DUBLIN (Reuters) - Ireland is testing a dead person who recently returned from Africa for the Ebola virus, the Health Service Executive (HSE) of Ireland said on Thursday.
Appropriate infection control procedures are being put in place in the community and at the mortuary in the north-west county of Donegal where the person’s remains lie, pending the outcome of laboratory tests, the HSE said.
The test results are expected late on Friday and the risk of transmission of any disease is considered to be extremely low, it added in a statement.
“The public health department was made aware earlier today of the remains of an individual, discovered early this morning, who had recently traveled to one of the areas in Africa affected by the current Ebola virus disease outbreak,” it said.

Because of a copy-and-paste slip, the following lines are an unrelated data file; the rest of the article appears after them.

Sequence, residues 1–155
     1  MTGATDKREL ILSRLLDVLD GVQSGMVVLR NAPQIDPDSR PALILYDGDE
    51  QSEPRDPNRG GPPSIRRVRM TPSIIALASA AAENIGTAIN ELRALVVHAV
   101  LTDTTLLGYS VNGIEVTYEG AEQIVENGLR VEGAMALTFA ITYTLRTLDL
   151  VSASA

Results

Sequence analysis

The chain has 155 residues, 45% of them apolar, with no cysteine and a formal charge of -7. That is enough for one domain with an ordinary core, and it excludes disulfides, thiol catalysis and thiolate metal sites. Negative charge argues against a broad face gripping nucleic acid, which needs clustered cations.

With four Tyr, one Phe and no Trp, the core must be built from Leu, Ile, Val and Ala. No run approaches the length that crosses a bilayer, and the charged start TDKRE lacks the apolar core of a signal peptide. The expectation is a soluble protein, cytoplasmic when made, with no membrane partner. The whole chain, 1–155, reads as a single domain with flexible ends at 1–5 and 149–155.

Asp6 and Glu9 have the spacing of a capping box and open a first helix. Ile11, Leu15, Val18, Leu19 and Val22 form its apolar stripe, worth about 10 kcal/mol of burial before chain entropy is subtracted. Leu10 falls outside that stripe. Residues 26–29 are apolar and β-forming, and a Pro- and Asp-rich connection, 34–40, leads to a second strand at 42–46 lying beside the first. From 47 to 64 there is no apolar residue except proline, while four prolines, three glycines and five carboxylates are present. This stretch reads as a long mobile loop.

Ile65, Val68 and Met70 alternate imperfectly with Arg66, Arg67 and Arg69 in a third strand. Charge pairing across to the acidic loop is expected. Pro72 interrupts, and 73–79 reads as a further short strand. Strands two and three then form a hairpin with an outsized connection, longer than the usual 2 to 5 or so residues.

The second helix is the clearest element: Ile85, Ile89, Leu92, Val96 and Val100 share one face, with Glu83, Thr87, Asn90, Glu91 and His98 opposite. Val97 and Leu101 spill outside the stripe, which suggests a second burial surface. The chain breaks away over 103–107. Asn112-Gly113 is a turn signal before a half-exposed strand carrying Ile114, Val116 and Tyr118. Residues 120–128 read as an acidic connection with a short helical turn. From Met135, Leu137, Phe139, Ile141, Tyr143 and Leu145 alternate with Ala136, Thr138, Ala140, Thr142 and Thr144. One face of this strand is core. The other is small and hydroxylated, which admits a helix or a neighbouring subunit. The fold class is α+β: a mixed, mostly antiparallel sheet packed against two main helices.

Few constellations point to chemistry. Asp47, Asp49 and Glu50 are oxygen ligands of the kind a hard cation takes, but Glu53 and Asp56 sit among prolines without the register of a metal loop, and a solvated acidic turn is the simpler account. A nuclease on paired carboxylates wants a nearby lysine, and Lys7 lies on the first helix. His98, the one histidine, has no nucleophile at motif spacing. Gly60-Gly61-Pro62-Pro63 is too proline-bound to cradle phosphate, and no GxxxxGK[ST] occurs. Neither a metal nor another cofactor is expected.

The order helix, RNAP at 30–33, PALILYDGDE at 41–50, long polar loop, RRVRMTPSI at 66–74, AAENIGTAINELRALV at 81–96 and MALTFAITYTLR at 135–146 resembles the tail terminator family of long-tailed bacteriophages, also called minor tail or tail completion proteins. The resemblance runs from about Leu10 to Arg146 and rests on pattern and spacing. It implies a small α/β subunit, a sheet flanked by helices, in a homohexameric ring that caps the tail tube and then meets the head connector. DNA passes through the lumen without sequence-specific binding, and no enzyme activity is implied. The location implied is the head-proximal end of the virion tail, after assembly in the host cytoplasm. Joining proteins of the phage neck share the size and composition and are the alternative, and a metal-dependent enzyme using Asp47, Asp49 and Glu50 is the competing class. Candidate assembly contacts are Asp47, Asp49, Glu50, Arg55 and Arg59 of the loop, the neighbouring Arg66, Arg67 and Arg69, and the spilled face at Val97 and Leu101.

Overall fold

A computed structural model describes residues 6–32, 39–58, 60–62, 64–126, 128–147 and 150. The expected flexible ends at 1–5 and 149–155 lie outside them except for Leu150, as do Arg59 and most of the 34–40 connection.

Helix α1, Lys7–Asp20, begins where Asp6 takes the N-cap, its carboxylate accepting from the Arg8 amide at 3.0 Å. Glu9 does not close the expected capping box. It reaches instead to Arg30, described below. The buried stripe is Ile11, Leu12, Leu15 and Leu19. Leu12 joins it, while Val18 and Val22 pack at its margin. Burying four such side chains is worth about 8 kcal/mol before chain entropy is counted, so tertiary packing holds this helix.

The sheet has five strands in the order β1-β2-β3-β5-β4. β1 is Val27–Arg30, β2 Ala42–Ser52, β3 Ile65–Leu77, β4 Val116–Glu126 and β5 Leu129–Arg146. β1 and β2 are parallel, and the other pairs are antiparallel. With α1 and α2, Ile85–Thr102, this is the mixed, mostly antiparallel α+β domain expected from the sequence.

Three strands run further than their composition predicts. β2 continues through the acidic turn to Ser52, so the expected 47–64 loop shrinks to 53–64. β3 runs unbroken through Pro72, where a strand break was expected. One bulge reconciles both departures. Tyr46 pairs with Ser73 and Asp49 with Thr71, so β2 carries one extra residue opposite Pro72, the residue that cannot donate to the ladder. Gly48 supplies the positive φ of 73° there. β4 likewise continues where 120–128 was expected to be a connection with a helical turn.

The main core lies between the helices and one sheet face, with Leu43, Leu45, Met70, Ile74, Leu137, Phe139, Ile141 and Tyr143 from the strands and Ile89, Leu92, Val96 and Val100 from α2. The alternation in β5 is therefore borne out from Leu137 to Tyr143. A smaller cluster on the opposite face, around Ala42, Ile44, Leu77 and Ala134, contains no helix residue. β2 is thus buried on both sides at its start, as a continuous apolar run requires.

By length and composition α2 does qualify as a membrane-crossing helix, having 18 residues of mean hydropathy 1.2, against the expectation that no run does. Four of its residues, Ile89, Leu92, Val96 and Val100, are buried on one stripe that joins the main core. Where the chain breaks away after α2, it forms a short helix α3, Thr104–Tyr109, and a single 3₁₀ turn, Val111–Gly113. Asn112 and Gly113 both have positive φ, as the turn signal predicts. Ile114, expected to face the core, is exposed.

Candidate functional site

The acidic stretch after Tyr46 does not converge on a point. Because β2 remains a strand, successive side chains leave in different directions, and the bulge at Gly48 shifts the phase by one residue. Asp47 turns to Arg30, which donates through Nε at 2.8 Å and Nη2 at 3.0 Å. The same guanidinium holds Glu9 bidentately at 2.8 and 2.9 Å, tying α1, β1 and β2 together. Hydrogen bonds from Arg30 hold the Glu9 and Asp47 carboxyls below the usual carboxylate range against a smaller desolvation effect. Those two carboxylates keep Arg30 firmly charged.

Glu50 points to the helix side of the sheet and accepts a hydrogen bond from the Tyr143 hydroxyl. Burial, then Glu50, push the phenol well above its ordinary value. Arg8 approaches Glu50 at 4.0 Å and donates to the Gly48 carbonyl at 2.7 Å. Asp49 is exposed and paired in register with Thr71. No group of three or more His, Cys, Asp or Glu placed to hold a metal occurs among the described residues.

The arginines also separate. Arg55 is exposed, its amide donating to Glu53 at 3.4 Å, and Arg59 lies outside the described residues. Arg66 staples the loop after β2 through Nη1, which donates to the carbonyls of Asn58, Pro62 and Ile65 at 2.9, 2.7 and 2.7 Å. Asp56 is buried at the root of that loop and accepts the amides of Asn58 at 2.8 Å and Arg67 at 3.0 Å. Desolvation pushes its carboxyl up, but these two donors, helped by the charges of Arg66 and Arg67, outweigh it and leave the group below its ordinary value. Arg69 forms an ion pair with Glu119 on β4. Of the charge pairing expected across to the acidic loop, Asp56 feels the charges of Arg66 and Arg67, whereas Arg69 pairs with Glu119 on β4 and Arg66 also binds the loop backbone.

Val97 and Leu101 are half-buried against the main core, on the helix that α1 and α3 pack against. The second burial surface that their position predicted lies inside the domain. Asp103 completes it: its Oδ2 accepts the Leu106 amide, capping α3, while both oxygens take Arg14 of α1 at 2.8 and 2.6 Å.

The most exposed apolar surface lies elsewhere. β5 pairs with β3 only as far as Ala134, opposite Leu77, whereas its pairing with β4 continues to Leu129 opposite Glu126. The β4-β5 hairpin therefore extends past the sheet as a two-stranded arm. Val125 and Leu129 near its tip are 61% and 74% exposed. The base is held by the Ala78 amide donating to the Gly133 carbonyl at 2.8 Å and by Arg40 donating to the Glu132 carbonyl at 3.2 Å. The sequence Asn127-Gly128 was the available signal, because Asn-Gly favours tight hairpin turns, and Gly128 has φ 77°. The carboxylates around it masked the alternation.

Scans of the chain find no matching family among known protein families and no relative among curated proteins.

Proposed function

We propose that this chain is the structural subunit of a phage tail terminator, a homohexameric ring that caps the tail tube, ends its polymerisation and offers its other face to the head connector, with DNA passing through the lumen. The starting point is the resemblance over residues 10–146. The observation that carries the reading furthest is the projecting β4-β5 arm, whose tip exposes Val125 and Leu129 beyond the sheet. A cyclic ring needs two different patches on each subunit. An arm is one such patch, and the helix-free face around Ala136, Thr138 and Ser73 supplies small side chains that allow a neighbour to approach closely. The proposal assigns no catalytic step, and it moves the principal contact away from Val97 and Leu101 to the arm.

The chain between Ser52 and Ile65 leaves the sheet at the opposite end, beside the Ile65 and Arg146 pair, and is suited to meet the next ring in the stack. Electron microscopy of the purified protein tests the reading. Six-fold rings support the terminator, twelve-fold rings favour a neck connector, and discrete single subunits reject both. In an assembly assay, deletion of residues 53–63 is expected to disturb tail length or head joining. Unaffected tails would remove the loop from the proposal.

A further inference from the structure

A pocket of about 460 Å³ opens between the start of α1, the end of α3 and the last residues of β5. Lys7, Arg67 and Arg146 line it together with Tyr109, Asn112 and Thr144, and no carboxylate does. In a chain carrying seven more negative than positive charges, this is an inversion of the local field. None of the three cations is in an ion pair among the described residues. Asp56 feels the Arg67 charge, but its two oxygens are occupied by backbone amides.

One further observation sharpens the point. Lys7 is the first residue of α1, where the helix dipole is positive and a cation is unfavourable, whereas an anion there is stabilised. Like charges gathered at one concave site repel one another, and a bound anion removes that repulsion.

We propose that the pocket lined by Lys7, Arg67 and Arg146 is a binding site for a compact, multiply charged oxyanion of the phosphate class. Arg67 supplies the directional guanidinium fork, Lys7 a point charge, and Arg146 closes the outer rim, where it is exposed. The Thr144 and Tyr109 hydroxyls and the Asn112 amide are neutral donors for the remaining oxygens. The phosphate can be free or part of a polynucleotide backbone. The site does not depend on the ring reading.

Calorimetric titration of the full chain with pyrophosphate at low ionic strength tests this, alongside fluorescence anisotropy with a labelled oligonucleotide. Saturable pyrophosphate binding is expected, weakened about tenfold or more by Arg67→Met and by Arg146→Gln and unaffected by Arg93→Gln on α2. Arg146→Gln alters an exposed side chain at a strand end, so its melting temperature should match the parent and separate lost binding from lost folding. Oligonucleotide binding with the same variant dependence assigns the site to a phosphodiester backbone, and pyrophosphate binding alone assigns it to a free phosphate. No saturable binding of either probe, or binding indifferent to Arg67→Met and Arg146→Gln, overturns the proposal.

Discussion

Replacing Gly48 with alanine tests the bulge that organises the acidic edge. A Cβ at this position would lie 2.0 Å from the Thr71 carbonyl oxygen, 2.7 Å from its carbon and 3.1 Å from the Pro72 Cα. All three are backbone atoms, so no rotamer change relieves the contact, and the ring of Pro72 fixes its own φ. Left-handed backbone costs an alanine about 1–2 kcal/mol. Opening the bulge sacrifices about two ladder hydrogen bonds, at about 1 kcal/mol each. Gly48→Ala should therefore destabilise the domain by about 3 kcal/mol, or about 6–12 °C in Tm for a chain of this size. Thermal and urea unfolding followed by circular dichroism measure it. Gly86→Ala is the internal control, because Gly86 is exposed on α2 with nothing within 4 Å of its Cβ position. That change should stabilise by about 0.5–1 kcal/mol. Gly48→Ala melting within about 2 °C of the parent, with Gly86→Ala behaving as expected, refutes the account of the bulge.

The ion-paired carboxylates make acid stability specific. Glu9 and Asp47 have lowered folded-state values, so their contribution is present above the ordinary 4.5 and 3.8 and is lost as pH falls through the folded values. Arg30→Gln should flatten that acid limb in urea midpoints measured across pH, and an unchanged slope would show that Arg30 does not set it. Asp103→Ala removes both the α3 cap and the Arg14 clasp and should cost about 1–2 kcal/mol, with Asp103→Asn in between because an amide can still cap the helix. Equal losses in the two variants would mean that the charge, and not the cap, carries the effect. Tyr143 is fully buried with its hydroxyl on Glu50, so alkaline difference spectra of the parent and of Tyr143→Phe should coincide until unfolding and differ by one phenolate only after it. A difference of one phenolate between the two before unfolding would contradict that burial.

“Blood samples have been sent for laboratory testing to confirm whether or not this individual had contracted Ebola virus disease,” the statement said.
It did not provide the age, gender or any other details about the dead person.
Very close personal contact with the infected individual or their body fluids would be needed for there to be any risk at all of contamination, Dr. Darina O’ Flanagan, head of the HSE Health Protection Surveillance Centre, said in the statement.
The World Health Organization said on Wednesday that 2,473 people had been infected and 1,350 had died since the Ebola outbreak was identified in remote southeastern Guinea in March.
It said no cases of the disease had been confirmed so far outside of Guinea, Sierra Leone, Liberia and Nigeria, despite cases having been suspected elsewhere.
A Spanish priest died in hospital in Madrid last week, the first European infected by the virus, after contracting the disease while working for a non-governmental organization in Liberia.
Reporting by Padraic Halpin; Editing by Gareth Jones